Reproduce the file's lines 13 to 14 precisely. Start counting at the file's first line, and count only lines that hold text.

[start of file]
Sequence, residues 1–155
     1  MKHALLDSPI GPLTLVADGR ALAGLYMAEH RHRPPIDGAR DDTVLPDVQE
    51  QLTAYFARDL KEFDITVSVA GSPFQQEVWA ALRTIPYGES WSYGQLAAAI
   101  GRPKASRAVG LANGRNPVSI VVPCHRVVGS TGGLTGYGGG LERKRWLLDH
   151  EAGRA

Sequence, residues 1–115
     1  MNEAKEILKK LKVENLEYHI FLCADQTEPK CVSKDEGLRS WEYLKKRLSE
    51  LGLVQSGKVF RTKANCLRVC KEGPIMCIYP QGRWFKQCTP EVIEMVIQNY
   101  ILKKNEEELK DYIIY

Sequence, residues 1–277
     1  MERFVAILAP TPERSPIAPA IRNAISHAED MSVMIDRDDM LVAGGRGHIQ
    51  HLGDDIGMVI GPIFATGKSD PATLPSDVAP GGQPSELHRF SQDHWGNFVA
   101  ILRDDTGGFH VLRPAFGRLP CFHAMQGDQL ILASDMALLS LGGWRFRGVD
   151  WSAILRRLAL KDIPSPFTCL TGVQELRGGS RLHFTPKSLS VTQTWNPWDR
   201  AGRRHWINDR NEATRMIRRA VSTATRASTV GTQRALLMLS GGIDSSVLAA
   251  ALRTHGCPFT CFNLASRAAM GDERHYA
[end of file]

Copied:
   101  ILRDDTGGFH VLRPAFGRLP CFHAMQGDQL ILASDMALLS LGGWRFRGVD
   151  WSAILRRLAL KDIPSPFTCL TGVQELRGGS RLHFTPKSLS VTQTWNPWDR